This is priceless! This dog adores tennis balls and enjoys playing with them and catching them in his teeth. Only to make this lovely dog happy and well-exercised, a local tennis coach brought 300 used tennis balls.
The dog picks up the first tennis ball as soon as it hits the ground, he has so much energy and enthusiasm after seeing the ball, and it’s hilarious!
What’s going on? Where did all these balls come from? He can’t contain his enthusiasm! Is this dog’s heaven, or what?
A few dozen more plummeted to the ground all at once! It’s raining tennis balls out there! What a spectacle, this dog has never been happier. The things he likes most are falling from the sky, insane!
He is so ecstatic that all of them have come down, even if half of them are hitting him. It appears like the youngsters want to join in on the fun as well! Incredible! Thanks to this tennis teacher, the dog has hit the jackpot.
Why Do Dogs Go Crazy For Tennis Balls?
The simple answer is the natural instinct to chase and kill prey.
Most dogs live in a kennel where they spend all day with their noses shoved in other dog’s behinds who must seem perpetually on the move, so when you buy your pup a ball or two that stays in place, it stimulates his predatory drive which we humans interpret as “craziness” and an unceasing desire for play time. For example: think back to how alive you felt chasing frogs and collecting bugs when you were a little kid. Remember how every day seemed like Easter? I’m guessing that there was not much making of nests or hunting of slow-moving prey happening. And this is really what drives the dog crazy about tennis balls.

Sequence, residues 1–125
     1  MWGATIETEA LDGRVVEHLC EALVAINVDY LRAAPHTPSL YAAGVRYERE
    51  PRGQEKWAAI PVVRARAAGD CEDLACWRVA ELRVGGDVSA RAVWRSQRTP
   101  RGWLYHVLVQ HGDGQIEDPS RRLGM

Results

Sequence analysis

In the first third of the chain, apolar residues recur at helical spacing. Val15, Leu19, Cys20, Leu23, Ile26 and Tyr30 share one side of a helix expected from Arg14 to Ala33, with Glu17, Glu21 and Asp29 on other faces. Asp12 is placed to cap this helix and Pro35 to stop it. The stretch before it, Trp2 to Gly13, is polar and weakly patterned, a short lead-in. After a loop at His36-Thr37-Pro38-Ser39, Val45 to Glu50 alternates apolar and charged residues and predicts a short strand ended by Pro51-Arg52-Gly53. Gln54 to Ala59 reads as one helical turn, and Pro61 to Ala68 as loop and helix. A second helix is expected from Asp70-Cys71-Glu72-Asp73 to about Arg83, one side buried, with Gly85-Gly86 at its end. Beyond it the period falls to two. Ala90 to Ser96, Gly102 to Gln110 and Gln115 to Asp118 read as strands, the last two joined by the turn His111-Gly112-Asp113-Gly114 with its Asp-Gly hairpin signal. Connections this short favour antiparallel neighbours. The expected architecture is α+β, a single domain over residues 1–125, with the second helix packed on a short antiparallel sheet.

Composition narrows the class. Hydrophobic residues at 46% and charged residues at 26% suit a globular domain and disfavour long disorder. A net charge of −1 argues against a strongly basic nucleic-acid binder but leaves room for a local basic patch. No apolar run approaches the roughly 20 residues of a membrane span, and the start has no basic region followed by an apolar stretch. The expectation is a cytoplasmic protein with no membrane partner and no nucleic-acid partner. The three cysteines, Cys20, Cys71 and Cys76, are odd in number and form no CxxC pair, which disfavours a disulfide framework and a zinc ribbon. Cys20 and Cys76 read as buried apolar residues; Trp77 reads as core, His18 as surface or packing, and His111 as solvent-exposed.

Why Are Dogs So Obsessed With Tennis Balls?
Dogs are extremely intelligent. Tennis balls are high quality, durable toys that move unpredictably when thrown–which keeps your dog on their toes!
Additionally, the rubber of a tennis ball has a unique feel to it. Some dogs can play fetch with other objects–sticks/balls, for example–but the rubber loses its bounce after multiple throws and breaks apart too easily to be an effective toy for them to play fetch.
Finally, some believe that rolling up dirty socks for your pup is better than buying them proper plush toys because they last longer.
Why Do Dogs Go Crazy For Balls?
It is hard to say exactly why this is true, but we believe that there are many factors at play. When playing fetch and retrieving the ball, they obtain a reward of food (in some cases). They also obtain a reward of food when eating dog treats. Maybe they find the rubbing of their face on an object rewarding? And in addition to obtaining rewards when playing with balls, dogs do spend most days searching for fun objects or interesting smells in things like garbage cans, boxes…etc. So you might imagine that when encountering a new object in one’s explorations it would be easy for us to derive the conclusion that this was something very cool!
Do Dogs Grow Out Of Ball Obsession?
Dogs never grow out of ball obsession. It’s a fundamental part of their DNA. The only thing that changes is their preferred object of obsession. For example, a lab may prefer to obsess over a tennis ball, while a jack russell may prefer to obsess over a small animal carcass. But the obsessive drive to chase and retrieve an object will always be there.